Amy Schumer and comedians who can’t be ‘edgy’ without racism

(Photo credit: Helga Esteb/

Trainwreck star Amy Schumer has been widely criticized this week for what some have dubbed “a blind spot” as it pertains to issues of race. The star of Comedy Central’s Inside Amy Schumer is known for her brash brand of comedy and has earned a lot of attention over the last two years for being outspoken; but a joke about Hispanic men that traded on an ugly stereotype has gotten her in some hot water. Schumer’s “I used to date Hispanic guys, but now I prefer consensual” joke was criticized by The Guardian and by many on social media. Initially, the comedienne responded with defiance to the criticism. Initially, Schumer basically told her critics that they don’t get her humor.

“I ask you to resist the urge to pick me apart. Trust me. I am not racist. I am a devout feminist and lover of all people,” she wrote in a note addressed to her critics. “I am a comic. I am so glad more people are laughing at me and with me all of the sudden. I will joke about things you like and I will joke about things you aren’t comfortable with. And that’s ok. Stick with me and trust I am joking. I go in and out of playing an irreverent idiot. That includes making dumb jokes involving race. I enjoy playing the girl who time to time says the dumbest thing possible and playing with race is a thing we are not supposed to do, which makes it so fun for comics. You can call it a ‘blind spot for racism’ or ‘lazy’ but you are wrong. It is a joke and it is funny. I know that because people laugh at it. Even if you personally did not. I am not going to start joking about safe material. And don’t ask that of me. I love what I do and won’t let anyone take that away. I ask you to resist the urge to pick me apart. Trust me. I am not racist. I am a devout feminist and lover of all people. My fight is for all people to be treated equally. So move on to the next person who is more deserving of your scrutiny and not the girl in your corner. Sincerely Amy (a dirty half Jew)”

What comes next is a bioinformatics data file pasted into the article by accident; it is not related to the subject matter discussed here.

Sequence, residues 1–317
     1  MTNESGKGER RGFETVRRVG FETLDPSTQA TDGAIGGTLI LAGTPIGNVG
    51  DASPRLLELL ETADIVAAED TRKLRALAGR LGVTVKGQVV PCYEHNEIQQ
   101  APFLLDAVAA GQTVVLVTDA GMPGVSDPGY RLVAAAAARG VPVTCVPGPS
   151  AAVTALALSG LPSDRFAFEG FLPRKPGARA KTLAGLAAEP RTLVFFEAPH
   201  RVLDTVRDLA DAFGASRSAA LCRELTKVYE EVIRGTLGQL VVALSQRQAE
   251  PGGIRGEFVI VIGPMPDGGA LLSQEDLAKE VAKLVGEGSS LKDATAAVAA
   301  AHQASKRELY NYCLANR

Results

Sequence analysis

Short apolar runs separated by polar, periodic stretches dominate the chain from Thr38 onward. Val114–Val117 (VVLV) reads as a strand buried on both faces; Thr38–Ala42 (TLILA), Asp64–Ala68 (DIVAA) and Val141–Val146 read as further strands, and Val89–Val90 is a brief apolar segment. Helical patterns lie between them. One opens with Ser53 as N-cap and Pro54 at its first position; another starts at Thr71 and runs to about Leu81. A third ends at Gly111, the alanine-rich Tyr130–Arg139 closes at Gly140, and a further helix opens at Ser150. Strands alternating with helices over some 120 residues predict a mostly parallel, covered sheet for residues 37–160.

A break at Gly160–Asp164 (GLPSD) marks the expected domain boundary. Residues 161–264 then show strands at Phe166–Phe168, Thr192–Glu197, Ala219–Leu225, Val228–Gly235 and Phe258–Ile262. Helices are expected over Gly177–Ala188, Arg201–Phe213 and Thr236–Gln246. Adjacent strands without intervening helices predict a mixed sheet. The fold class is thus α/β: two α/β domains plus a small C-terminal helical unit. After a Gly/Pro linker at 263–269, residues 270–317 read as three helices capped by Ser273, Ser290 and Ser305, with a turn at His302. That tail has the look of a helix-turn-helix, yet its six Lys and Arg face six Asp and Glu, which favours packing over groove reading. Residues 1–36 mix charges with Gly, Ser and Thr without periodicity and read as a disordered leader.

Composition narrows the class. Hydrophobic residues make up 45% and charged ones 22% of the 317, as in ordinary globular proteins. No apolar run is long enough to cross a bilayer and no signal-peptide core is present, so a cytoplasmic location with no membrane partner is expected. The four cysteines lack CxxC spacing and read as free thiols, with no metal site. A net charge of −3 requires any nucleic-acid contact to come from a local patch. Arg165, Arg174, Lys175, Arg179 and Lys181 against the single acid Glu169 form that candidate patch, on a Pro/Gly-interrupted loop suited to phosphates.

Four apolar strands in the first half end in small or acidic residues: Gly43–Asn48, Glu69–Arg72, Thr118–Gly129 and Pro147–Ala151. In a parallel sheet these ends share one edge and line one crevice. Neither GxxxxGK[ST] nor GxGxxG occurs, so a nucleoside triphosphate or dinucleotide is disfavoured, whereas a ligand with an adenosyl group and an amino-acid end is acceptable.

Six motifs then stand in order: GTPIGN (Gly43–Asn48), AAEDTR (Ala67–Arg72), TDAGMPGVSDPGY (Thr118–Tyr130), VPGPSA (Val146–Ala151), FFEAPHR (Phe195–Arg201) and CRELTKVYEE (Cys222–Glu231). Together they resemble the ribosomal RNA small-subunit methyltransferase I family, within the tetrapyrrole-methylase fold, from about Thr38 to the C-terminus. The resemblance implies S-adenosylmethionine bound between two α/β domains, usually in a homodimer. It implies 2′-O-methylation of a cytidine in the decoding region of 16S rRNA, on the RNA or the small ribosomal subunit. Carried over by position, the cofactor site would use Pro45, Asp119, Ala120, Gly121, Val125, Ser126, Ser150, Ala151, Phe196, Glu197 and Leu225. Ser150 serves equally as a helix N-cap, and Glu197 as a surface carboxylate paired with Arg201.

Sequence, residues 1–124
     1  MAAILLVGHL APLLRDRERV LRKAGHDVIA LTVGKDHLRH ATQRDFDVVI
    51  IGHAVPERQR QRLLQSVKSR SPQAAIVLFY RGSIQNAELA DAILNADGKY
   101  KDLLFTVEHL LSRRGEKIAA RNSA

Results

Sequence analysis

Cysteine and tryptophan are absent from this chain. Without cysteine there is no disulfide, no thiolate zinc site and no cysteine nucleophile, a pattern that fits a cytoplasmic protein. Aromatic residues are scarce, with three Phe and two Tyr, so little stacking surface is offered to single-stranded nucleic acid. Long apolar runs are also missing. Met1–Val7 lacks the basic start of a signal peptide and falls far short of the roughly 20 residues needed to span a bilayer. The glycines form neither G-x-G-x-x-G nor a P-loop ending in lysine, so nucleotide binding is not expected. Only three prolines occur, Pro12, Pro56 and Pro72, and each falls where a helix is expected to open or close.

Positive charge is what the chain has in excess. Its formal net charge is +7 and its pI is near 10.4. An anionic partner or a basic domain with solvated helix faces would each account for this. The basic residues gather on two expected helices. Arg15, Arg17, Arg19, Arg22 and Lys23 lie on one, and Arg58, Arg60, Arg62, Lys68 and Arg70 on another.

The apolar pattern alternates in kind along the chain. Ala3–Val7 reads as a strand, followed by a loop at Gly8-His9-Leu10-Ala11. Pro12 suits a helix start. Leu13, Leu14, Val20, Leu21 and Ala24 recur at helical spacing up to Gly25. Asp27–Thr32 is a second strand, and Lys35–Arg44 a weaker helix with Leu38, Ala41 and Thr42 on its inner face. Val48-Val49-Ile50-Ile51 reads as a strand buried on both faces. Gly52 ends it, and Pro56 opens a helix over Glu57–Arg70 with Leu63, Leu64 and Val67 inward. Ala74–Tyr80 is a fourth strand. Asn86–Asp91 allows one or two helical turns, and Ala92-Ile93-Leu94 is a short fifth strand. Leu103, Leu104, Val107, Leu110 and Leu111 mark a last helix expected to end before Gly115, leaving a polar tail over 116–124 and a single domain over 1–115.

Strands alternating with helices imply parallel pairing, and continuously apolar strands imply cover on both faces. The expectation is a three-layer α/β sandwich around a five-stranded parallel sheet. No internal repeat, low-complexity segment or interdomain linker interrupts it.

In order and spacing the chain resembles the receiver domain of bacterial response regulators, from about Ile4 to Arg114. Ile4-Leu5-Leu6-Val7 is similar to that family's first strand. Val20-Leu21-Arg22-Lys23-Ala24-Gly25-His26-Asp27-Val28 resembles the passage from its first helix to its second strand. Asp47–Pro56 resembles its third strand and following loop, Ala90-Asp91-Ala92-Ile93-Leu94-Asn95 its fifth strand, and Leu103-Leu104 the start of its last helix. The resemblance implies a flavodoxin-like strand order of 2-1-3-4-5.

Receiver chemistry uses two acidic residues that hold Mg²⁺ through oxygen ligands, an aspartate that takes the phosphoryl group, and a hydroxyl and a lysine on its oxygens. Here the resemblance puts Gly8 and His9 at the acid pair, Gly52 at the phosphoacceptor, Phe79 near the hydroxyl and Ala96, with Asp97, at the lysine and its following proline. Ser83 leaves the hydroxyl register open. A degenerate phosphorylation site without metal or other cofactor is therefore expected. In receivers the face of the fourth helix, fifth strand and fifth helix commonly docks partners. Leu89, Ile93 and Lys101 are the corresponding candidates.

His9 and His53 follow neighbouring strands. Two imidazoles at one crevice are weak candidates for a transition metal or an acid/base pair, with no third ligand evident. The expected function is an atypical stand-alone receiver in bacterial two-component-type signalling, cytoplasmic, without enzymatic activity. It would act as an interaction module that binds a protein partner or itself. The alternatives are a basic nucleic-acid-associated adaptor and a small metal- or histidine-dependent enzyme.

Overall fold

Schumer has a movie opening this weekend and her stock is on the rise in Hollywood. So after that first response, she’s apparently decided to be a bit more contrite about her racist jokes. She says the “Hispanic guys” joke was written years ago and she’s evolved and is attempting to be more thoughtful in her comedy. “Once I realized I had more eyes and ears on me and had an influence I stopped telling jokes like that onstage, I am evolving as any artist. I am taking responsibility and I hope I haven’t hurt anyone. And I apologize if I did,” she explained to a fan via Twitter. And she’s said that her act is a part of her satirizing white women. “Definitely more than anyone, it’s white women in their 20s and 30s, just [believing] the universe is thinking about you,” she said during an interview with “CBS This Morning.”

White feminist comediennes apparently don’t have to understand much of anything about racism or race dynamics–just know what it means to be white and feminist and that’s good enough for their base. Schumer is just the latest in a long line of celebrated white feminist comediennes who are heralded for their brazenness and championed by the media, despite the fact that they are almost always tone-deaf or exploitative on matters of race. The standard retort to any criticism against the Schumers and Sarah Silvermans and Chelsea Handlers of the world is that those who are offended don’t “grasp” the irony of the joke–that we’re supposed to be laughing at the ignorance expressed in it. But the problem with that line of thinking is that it refuses to admit that many people who do laugh also don’t grasp the “irony;” they just laugh because they’re racists and think jokes about Hispanic rapists are funny. And we can’ no longer pretend those people aren’t there.